There was a groundbreaking for another new school last week in the ever-growing Richland District Two.
But this school will be different.
It’s called the Richland Two Institute of Innovation and will be housed in an 180,000-square-foot building on a 32-acre site in the heart of the Village at Sandhill at a cost of around $40 million.
At first glance, the Institute of Innovation looks like another tech school with career orientation courses, like the new Center for Advanced Technical Studies in Lexington/Richland District 5 built near Chapin.
But it’s more than a tech school, says Richland Two School Board Chairman Calvin “Chip” Jackson.
Jackson says it’s the next step for a district that’s already a state leader in offering magnet programs.
“We’re creating another choice for Richland Two,” he said.
The new facility will be constructed near PLEX Indoor Sports and Belk department store in the Sandhill shopping area. It will include a professional development center, student learning labs and a “partner space for businesses and educational institutions.”
It’s those educational and business partners that will set it apart.
In her remarks at the groundbreaking, Superintendent Debbie Hamm invited community and regional businesses and higher education institutions to partner with the district as it prepares students for jobs of the future.
The University of South Carolina, Columbia College, Claflin University, Clemson University and Midlands Technical College are several institutions that have already signed on to partner with Richland Two to offer coursework that could lead to dual credit and associate degrees.
The center will focus on developing career opportunities with specialists working right in the classrooms with students. The focus will be on a personalized learning environment geared toward the student’s interest and talents, whether it’s computer programming or culinary skills.
Students may be participating in the offerings as it suits their schedules, in the morning, afternoon or evening.
Another speaker at the groundbreaking, Blythewood High School ninth grader Avery Williams, said it will change the way a student thinks.
“We can learn how to think like entrepreneurs, engineers or supply chain managers,” Williams said.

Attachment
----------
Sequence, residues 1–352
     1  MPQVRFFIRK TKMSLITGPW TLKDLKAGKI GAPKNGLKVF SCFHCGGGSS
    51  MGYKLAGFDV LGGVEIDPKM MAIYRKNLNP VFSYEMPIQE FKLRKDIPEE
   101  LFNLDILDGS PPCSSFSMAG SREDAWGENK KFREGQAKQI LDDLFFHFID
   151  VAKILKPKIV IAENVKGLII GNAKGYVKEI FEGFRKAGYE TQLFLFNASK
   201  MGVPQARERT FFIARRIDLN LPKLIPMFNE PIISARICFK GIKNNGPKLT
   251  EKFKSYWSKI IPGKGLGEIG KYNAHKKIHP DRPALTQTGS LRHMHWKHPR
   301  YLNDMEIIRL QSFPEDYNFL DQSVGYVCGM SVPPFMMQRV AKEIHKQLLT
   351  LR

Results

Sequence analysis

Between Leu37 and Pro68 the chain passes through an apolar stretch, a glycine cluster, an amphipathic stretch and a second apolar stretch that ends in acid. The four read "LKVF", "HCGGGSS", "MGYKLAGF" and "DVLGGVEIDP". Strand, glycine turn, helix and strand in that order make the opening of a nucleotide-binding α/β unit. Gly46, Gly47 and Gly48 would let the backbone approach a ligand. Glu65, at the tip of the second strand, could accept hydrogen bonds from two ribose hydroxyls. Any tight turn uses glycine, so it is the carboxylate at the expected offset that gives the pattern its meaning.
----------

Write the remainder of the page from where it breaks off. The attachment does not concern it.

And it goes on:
Sonny White, president of Midlands Technical College, said there are now 3.5 billion people in the world who want jobs, but there are only 1.2 billion good jobs available.
“We need to make sure those students understand if they want the kind of jobs, the kind of life they want, they’ve got to see what opportunities are like and grasp opportunities to get those credentials past high school.”
Ben Green, chairman of the board of the Midlands Education & Business Alliance, foresees an educational process in which “kids will be able to figure things out before they go to college.”
In fact, district officials see students embarking on their career while at the center in a partnership that goes beyond apprenticeships.
Students who attend any of the district’s four high schools will be eligible to apply to available programs at the Institute of Innovation. The goal is to provide a collaborative learning environment where students will learn and innovate.
The Richland Two School Board began planning for the facility when it approved a design-build contract with M.B. Kahn Construction in September 2012, made possible with savings from lower construction costs of recent projects that were budgeted in the 2008 bond referendum.
The $41 million budget for the center includes funding for securing the site, as well as designing and building the facility. Part of the budget provides for renovating the district office located at 6831 Brookfield Road in the Decker Boulevard international corridor, including work already completed to provide safer traffic patterns and parking.
With a planned opening in 2016, it will be another addition to one of the state’s largest districts.
Richland Two serves about 27,000 students (including adult education and pre-kindergarten) in 39 locations throughout the district: 18 elementary schools, seven middle schools, five high schools, four magnet centers, two district-wide child development centers and two alternative schools.
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